Ask your science questions here!


Hi there!

Do you have a science question about EyeWire or the brain in general? Ask here and you’ll get an answer from HQ. The best questions may even end up on the EW blog :smile:


1 Like
pinned #2

This topic is now a banner. It will appear at the top of every page until it is dismissed by the user.

1 Like

This topic is no longer a banner. It will no longer appear at the top of every page.

1 Like

Q&A from 신경 과학 관련 질문 (한글 포스팅, Questions in Korean about neuroscience)

@scoobi’s question: 신경 과학 관련 질문 (한글 포스팅, Questions in Korean about neuroscience)

Cells in EyeWire are all from mouse’ retina. How similar a person’s retina and a mouse’s are from each other? Isn’t there any neuron that exclusively exists in either being’s retina? In addition, I am curious to know that there are such special neurons which only exist in a specific

@jinseop’s answer: 신경 과학 관련 질문 (한글 포스팅, Questions in Korean about neuroscience)

It is a good question. Like other organs in body, retina is more similar among genetically close species and more different among genetically farther species. Mice and human beings are relatively close species and structures of their retinas are similar.

It is common to animals like mammals and reptiles that their retina has five different categories of neurons – photoreceptor cells, horizontal cells, bipolar cells, amacrine cells, and ganglion cells – and they form layered structure. It is believed that the photoreceptors and horizontal cells have little differences among species. Although the bipolar cells, amacrine cells, and ganglion cells have not been completely analyzed in any of species yet, 8 - 15 types of photoreceptor cells, 50 -100 types of amacrine cells, and 30 - 50 type of ganglion cells are expected to be found from different species. We assume 50 - 80% of those cells are shared between mouse and human retina. The word “shared” here means that we can find anatomically (morphologically) identical counterpart of a cell from the other retina. However, more study is needed to verify that the shared cells are genetically and functionally identical in both retina.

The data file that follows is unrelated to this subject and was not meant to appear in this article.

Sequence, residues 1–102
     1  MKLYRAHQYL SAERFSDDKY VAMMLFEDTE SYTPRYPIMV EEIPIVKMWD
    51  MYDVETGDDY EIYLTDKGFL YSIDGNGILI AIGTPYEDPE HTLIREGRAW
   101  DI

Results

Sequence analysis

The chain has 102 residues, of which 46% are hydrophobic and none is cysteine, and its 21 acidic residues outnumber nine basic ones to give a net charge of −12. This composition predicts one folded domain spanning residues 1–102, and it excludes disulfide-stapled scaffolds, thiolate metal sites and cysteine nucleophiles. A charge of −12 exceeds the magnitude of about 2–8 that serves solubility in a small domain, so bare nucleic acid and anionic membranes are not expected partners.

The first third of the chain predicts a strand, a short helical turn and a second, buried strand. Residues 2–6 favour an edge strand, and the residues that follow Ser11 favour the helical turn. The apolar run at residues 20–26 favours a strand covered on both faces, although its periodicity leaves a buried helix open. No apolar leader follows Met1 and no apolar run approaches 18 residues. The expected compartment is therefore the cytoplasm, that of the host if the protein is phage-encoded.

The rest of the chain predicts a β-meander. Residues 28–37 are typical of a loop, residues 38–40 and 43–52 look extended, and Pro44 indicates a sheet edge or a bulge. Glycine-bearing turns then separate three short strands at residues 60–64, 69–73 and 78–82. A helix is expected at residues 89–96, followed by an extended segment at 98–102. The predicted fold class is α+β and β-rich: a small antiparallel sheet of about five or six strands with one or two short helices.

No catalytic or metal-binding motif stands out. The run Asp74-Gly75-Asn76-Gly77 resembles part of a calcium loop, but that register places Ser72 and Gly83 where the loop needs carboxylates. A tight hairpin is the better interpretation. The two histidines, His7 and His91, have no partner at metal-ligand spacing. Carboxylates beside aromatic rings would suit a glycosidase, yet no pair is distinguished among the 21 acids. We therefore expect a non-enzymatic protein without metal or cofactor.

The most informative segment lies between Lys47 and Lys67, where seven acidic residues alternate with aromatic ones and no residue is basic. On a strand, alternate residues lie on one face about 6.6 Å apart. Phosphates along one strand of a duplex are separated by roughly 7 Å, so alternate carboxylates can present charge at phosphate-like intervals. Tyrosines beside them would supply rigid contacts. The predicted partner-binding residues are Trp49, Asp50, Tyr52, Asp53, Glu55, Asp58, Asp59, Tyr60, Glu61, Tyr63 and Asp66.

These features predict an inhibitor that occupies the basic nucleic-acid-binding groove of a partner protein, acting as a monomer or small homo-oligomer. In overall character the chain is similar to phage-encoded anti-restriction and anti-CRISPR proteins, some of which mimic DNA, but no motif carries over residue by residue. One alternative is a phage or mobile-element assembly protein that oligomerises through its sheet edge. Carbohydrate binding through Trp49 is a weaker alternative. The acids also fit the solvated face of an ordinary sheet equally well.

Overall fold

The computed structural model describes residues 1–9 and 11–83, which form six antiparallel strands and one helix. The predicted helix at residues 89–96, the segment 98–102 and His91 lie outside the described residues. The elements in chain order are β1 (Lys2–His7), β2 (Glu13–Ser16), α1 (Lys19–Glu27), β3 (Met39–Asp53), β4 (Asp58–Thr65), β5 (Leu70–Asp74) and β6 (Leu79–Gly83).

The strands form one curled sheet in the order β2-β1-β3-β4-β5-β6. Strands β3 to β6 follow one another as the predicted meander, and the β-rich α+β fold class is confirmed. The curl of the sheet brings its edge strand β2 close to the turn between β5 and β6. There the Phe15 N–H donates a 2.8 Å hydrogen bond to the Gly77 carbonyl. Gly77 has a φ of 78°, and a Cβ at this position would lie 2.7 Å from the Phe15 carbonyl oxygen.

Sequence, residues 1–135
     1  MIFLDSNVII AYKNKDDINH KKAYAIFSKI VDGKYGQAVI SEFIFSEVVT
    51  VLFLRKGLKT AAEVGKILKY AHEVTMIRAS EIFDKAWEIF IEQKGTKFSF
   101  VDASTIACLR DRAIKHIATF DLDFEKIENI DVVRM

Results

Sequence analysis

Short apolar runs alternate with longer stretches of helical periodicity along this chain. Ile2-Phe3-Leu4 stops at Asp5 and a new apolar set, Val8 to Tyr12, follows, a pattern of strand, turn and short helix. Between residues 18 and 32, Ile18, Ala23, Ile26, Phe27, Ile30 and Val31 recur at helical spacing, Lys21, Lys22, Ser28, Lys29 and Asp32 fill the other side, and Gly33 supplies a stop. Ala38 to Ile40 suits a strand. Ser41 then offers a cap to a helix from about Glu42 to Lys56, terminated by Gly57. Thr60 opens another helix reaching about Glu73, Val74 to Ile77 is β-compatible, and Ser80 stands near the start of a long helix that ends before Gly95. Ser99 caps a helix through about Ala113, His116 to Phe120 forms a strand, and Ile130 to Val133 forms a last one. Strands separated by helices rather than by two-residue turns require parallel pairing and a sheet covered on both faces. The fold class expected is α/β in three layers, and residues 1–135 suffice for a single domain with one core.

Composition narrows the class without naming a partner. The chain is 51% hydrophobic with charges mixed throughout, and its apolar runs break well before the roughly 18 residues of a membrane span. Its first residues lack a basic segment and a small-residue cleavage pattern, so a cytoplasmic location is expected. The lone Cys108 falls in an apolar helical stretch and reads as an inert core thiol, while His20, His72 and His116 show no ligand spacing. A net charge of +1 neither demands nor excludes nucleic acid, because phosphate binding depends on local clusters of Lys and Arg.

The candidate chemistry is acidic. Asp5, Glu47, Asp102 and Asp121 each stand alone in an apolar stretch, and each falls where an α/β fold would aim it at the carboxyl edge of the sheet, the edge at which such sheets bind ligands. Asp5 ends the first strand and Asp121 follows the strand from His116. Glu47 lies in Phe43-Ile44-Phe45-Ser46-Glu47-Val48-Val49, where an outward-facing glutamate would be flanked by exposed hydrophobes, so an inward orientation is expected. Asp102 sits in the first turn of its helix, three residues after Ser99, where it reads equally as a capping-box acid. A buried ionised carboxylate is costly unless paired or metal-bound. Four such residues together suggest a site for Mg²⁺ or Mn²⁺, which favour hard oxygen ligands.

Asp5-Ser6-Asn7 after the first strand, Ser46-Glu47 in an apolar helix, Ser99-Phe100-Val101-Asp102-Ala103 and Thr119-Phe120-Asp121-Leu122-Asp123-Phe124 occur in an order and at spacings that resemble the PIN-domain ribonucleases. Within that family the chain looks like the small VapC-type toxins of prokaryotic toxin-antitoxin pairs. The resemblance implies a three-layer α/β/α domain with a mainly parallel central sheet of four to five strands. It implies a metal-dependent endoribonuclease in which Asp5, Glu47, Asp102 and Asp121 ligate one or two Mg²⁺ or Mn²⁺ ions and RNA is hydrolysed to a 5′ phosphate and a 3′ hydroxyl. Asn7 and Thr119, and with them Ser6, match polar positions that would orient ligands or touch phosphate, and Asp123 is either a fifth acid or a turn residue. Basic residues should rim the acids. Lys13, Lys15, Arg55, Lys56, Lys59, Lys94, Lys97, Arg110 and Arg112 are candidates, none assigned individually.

While the basic visual functionality of retina should be common to any animal, the retina of different species must differentiate to meet the biological necessities specific to the species. For example, preys must be good at recognizing their predators; predators must be good at recognizing their preys. Those differentiated retinas end up having different set of cell types and different connectome.

1 Like

Do we know what type/kind of cell is CAND cand 1439 jump ID: 947221 and are we going to trace it? It looks AWESOME! :smiley:


Are the cells we complete in eyewire checked or edited after in OMNI? For fused mergers we could not remove in ew or other such problems?


Did we ever find out what kind of cell it was?

1 Like

During the countdown to neuropia and now afterwards in the bonus cells, we’ve found and traced aprox 8-10 starburst cells. I imagine all those are from the ganglion layer? Is it strange/new to find SBs in the ganglion layer or is it already a phenomenon that has been previously recorded and explained?



You give us eyewirer’s many scientific information about what we (and you) do.
That’s great!

I’d like to understand a bit more detailed what kind of cells we are tracing,
thus I’d like to be able to roughly identify cell types. I looked at the
EW-museum and the many blogs and searched in internet about retinal cell types

So I have some questions:

Dataset ranges from Ganglion-cell-layer to about middle of INL (see attachment
vertebrate retina)? So if we get a cell with cellbody, we can say, it is either
a ganglion-cell or an amacrine-cell, and it cannot be a Bipolar (their
cellbodies being outside dataset)?

What’s the difference in Dataset range between Neuropia and Dig? Dig going a
bit farther into INL?

If amacrine, cellbody can be located in GC-layer or in INL? If yes, we